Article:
What a weird feeling.
It was like a siren had gone off right by her ear. Like her stomach had just dropped, even though she’d been riding steady. She couldn’t pinpoint exactly what had caused it. Even as the initial panic subsided, she could feel it—a dim sense of wrongness pulsing through her.
Panting, she pulled off her helmet and looked around. Her route had taken her out of the commerce district, toward the fringe of “downtown” that was mostly boarded up shops and older houses. She’d gone this way to cut through to Broad Street, which was north of here, past the cemetery….
The cemetery. Uphill, she could see the line of overgrown shrubbery that bordered it, the tall, wrought iron spikes poking over the top of the hedges. Selena guessed that the feeling had hit her just as she started to pass it.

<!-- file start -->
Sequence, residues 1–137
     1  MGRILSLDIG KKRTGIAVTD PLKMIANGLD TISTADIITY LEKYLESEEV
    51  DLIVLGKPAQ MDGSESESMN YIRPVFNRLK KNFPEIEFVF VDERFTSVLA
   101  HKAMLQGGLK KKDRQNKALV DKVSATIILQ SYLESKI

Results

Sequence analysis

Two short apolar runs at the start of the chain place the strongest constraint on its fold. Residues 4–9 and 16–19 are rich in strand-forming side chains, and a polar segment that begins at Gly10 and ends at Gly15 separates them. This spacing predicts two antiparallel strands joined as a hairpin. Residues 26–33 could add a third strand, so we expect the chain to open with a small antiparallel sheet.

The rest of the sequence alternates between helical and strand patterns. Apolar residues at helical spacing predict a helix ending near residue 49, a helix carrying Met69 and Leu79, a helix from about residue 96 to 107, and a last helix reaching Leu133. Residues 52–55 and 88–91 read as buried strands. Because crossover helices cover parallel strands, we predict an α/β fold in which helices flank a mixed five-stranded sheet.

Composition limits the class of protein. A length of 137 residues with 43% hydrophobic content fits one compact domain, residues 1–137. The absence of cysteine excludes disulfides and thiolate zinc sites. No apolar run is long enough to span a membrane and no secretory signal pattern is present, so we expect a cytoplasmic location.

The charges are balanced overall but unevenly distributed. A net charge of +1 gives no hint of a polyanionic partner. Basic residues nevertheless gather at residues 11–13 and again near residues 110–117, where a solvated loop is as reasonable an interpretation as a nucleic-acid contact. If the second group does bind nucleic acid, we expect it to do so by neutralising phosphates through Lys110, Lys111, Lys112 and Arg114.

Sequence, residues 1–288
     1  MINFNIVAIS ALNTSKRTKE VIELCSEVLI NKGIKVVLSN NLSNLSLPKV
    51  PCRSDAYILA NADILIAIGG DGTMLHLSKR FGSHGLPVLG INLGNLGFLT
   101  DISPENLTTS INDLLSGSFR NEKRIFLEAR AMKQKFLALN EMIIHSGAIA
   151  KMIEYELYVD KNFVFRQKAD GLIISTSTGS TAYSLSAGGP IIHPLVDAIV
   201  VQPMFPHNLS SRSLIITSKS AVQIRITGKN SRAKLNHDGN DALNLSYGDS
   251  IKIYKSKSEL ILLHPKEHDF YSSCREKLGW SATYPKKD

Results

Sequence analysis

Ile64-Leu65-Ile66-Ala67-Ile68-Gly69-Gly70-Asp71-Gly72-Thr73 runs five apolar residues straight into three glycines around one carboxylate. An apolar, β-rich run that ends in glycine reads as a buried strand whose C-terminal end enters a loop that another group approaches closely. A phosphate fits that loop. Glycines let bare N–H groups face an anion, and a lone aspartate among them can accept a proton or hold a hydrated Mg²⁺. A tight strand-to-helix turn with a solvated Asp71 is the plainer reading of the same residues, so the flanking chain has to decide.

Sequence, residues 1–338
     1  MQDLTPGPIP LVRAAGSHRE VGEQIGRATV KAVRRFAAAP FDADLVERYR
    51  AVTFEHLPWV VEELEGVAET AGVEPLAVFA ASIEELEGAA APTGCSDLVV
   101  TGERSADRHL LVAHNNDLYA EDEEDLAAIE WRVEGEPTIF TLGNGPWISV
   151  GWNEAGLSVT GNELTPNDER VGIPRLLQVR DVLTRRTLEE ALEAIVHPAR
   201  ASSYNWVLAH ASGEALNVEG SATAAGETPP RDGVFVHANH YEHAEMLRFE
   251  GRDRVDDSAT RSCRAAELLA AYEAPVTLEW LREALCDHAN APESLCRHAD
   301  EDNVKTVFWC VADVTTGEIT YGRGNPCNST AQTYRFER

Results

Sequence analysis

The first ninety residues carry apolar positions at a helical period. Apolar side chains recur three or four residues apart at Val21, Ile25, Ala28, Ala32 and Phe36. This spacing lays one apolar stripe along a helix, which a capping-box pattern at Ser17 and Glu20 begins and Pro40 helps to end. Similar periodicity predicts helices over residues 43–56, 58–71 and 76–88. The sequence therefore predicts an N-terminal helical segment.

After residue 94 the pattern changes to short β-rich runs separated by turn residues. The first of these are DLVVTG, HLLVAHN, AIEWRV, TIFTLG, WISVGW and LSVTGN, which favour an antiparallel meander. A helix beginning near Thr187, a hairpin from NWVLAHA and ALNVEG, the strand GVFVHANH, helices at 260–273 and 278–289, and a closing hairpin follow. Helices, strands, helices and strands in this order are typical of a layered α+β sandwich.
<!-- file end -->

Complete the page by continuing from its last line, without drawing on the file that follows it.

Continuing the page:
One of the epicenters had been somewhere inside that cemetery.
Selena swallowed against a sudden queasiness. Some of it was just her dislike of cemeteries, but there was something else, too. Something like that sense of wrong that had caused the panic.
She parked her bike, slung her helmet over the handlebar, and hiked up the hill. The gate was locked, but the fence wasn’t that hard for an ex-gymnast to climb.
A wide, stony path greeted her on the other side. If she remembered correctly—and she usually did—this was the oldest cemetery in the town. It dated back to when this was coal country, and Laurence Lake was an unincorporated scattering of miners and farmers. No one had been buried here in decades, and it was only maintained now because it had been deemed a historical landmark a few years back.
There was very little light left, and Selena had to navigate by way of a pocket flashlight and that niggling sense of disorientation that she’d followed up the hill.